A string of mishaps at Chinese nuclear power plants last year has raised concerns about the safety of the rapidly growing industry, especially given the country's overall industrial safety record, experts told RFA.
By 2020, China will be the second-biggest producer of nuclear power after France, with 35 generators currently in operation and 21 more in the pipeline.
But last October, the National Nuclear Safety Administration (CNNSA) made public 16 safety failures that occurred in China's nuclear plants in 2016, all involving mistakes made by staff members, official media reported.
A total of 16 errors and incidents took place at eight nuclear power stations, including Ningde, Yangjiang, Fangchenggang, and Tianwanhe, the Global Times newspaper, which has close ties to the ruling Chinese Communist Party, reported.
Six incidents involved staff members breaching operational guidelines, and four were caused by a lack of internal communication, it said.
More worryingly, six were caused by staff members "pressing the wrong buttons," the report said.
While none of the errors is believed to have resulted in leakage of radioactive material, nor posed any threat to the public, the report comes against the backdrop of a litany of industrial accidents and public health and safety disasters in recent years.
Links to political culture
Experts say China's poor public safety record has roots that are system-wide and closely linked to the country's political culture, meaning that a more serious accident could happen in future.
In a commentary published in Communist Party mouthpiece the People's Daily on Nov. 14, Beijing University nuclear expert Wang Jing said that part of the problem stems from the fact that officials in the nuclear safety inspection department are lower in rank than the officials in the state-owned nuclear enterprises whom they are supposed to be inspecting.
Former nuclear power plant engineer Liang Taiping said the relatively high incidence of man-made incidents in China's nuclear industry is a product of the political system.
"The system that operates in China at the moment ... has created a whole layer of trained technical staff who are under huge amounts of pressure," Liang said.
"[This means that] not many people want to train in the technical professions; they all want to be party officials, so accidents and malfunctions are more likely," he said.
"Also, the people who really get the work done are paid much less than the officials and managers who don't get things done," Liang said.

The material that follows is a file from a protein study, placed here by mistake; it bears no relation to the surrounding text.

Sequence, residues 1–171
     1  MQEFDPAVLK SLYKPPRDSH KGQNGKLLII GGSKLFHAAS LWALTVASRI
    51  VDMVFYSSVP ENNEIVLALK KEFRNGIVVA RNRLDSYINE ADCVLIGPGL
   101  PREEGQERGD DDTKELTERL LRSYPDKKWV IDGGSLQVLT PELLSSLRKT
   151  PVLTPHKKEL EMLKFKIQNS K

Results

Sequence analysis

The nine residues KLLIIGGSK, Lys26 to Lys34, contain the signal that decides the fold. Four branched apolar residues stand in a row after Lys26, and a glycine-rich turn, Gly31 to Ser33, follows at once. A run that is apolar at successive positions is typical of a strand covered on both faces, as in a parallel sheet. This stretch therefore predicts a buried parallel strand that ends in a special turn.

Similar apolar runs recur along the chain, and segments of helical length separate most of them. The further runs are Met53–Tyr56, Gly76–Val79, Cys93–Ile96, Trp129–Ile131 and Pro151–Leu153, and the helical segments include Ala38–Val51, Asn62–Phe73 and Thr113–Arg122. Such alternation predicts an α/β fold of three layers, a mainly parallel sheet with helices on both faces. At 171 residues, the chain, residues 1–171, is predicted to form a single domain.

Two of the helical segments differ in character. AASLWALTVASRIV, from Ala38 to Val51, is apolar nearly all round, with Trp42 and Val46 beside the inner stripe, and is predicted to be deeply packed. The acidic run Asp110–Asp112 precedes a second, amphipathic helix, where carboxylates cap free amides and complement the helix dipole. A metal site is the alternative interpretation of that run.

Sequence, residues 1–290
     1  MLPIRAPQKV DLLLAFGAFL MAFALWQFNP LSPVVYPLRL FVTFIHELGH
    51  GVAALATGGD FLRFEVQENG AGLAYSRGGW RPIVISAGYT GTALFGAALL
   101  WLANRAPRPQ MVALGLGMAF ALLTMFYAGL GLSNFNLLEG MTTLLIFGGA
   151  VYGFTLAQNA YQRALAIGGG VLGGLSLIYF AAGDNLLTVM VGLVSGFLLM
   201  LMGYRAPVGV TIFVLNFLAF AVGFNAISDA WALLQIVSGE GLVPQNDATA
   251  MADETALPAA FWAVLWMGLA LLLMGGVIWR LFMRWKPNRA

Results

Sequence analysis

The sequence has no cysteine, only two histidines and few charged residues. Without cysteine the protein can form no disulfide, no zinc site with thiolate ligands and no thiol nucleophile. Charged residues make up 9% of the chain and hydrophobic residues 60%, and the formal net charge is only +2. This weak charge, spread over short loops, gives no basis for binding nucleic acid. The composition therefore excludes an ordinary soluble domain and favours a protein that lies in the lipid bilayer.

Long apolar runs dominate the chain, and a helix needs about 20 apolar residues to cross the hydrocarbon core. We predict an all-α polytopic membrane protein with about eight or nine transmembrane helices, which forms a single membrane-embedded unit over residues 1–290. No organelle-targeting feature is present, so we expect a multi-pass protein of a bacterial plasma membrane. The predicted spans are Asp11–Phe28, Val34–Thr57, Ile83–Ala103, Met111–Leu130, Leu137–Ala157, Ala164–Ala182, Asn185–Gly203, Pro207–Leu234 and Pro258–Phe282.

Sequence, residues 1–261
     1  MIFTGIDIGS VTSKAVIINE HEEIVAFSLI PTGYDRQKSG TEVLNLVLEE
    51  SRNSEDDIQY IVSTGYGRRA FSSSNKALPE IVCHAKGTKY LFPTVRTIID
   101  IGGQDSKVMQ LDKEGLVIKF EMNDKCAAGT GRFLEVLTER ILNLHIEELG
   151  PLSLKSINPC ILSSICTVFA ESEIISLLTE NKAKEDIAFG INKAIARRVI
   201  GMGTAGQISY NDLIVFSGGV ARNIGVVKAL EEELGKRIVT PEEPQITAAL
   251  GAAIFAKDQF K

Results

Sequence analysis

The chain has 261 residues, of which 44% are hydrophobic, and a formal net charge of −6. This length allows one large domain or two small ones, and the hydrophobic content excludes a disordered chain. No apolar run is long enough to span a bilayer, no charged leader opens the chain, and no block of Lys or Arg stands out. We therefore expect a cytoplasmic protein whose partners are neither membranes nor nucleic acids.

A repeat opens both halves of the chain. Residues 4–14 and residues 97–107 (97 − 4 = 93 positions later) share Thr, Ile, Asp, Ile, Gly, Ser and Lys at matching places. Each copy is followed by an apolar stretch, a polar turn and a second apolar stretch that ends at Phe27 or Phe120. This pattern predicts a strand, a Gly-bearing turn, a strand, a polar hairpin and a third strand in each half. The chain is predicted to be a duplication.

"I worked in that industry for seven years, and the front-line technicians worked incredibly hard, and they're very dissatisfied," he said.
Liang said China is only now beginning to emerge from a culture of absolute secrecy around its nuclear power industry.
"All nuclear industry enterprises were designated secret ... and so nobody would dare to speak freely or publicly about anything," Liang said.
"Nuclear power plants have a very high security clearance, and they have to go through a high-level vetting procedure annually," he said.
Jiang Ming, who has previous experience of China's nuclear industry, agreed that transparency is also an issue, as China has traditionally treated any information about its nuclear power stations as highly confidential.
"This sort of operation generally takes place behind closed doors, as far as the rest of the world is concerned," Jiang told RFA in a recent interview.
"The only reason the National Nuclear Safety Administration has published these figures is international pressure operating behind the scenes," Jiang said.
"And it's not just nuclear power plants; look at the  Tianjin explosion, what a huge cover-up had gone on there."
"Most people who understand safety and risk management would have known about this, but was it ever made public? That's just the way the system works."
Jiang said managers and local leaders are likely to turn a blind eye when corners are cut, as long as the bottom line looks good.
"If they do take responsibility and start dealing with the issues, they just run into even bigger networks of vested interests," he said.
China has formal risk assessment and safety procedures to cover every possible incident or accident, he said.
But he said that the overall attitude to health and safety seems to be that such procedures are just for show; and that such laxity is commonplace across the entire workforce.
"These risk assessments and contingency plans are formed according to unified guidelines issued by the International Atomic Energy Agency," Jiang said.
"But I have been in Chinese companies where they are just things ... that you stick on the wall."
Offshore floating plant
The concerns come as China began building an offshore floating nuclear power plant destined for disputed waters in the South China Sea.
China has officially begun construction of its first offshore nuclear power plant, a demonstration project that will employ a homegrown small modular reactor, according to the industry website Power.
State-run China General Nuclear Power announced the project at a Nov. 4 news conference, calling it a "top priority" for the company.
The plant is an integral part of China's "strong marine power strategy," and will power oilfield exploration operations in the Bohai Sea, as well as deep-water oil and gas development in the South China Sea, it said.
"An offshore small modular reactor adopting a decentralized energy system could be a good solution for providing a steady supply of energy on islands, in coastal or far offshore areas," the company said in a statement.
Floating reactors will power offshore oil and gas drilling, as well as "island development," as well as providing electricity for desalination plants, the English-language state-run China Daily reported.
Reported by Wong Siu-san for RFA's Cantonese Service. Translated by Luisetta Mudie.